For some, the holidays represent a time of love, family and celebration. For others the holiday season may spark an overwhelming feeling of stress and depression. There are many factors that contribute to holiday depression: Self esteem, financial issues, unemployment, memories of deceased loved ones, relationship status, loneliness and much more. So, how do we minimize holiday blues?
If you find yourself feeling overly fatigued, frustrated, lonely, sad, or wanting to be isolated, there’s a good possibility you are suffering from holiday blues. This is a period of depression and will usually go away after the holiday or winter season, but should still be taken very seriously! If your feelings become too overwhelming, talk to a therapist to figure out your options.
Try these tips to help you feel better:
- Accept your feelings. The very first thing you want to do is accept and acknowledge your feelings. If someone close to you has recently died or you can’t be with loved ones, realize that it’s normal to feel sadness and grief. It’s OK to take time to cry or express your feelings. You can’t force yourself to be happy just because it’s the holiday season. Similarly, if you are having financial issues and you are not happy about it, accept how you are feeling at the moment and realize that it is temporary.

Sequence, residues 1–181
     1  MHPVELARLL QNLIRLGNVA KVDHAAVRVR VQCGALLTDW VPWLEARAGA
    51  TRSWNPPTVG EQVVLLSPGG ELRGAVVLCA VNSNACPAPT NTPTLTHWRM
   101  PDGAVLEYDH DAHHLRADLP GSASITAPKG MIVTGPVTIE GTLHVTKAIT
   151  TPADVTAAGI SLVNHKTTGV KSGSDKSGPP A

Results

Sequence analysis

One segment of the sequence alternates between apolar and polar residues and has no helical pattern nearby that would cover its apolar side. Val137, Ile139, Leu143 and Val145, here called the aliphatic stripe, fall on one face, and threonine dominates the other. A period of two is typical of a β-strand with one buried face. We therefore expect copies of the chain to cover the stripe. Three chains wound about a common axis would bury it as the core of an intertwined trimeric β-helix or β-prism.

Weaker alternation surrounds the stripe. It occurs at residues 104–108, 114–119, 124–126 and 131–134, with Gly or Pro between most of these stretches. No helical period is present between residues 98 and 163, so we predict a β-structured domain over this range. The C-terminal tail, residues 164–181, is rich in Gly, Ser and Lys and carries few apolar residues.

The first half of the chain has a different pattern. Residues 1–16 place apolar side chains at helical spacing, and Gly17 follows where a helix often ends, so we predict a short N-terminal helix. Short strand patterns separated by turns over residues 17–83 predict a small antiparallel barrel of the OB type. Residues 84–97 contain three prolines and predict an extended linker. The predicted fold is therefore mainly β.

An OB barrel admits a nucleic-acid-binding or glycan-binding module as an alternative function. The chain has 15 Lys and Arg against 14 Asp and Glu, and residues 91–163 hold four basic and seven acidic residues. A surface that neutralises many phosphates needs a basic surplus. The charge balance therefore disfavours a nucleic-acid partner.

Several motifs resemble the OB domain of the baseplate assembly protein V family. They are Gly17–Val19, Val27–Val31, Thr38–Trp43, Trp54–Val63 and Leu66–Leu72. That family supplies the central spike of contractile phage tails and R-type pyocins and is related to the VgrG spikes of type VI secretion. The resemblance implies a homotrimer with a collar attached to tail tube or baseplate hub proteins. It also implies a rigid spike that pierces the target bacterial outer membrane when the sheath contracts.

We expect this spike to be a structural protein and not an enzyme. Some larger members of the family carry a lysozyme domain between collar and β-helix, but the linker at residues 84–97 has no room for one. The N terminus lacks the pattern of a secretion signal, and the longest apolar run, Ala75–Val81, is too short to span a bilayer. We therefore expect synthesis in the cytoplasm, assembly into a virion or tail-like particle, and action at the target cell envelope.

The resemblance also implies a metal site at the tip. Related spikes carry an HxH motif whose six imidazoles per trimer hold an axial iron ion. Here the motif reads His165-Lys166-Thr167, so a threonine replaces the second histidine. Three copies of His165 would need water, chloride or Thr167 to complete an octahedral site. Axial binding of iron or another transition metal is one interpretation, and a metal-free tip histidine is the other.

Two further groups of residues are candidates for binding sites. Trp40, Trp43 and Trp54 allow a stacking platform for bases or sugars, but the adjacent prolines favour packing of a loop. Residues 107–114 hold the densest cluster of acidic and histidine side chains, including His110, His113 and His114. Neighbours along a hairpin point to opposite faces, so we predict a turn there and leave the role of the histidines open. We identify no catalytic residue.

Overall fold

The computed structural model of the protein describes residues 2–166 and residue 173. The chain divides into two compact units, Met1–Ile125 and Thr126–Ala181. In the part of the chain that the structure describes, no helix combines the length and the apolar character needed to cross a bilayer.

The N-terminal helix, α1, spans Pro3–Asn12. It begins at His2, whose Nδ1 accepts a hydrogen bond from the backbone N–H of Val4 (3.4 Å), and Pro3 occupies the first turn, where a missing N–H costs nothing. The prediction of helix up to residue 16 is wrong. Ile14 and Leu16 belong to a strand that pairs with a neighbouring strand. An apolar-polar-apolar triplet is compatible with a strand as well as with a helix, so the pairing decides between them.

- Be open to change. The holidays don’t have to be perfect or the same like last year. As families change and grow, traditions and rituals often change as well. For example, if your adult children can’t come to your house, find new ways to celebrate together, such as sharing pictures, emails or videos. Be open to the possibility that not every holiday season will go according to how you imagined and wanted. You may have a limited budget and you may need to spend accordingly.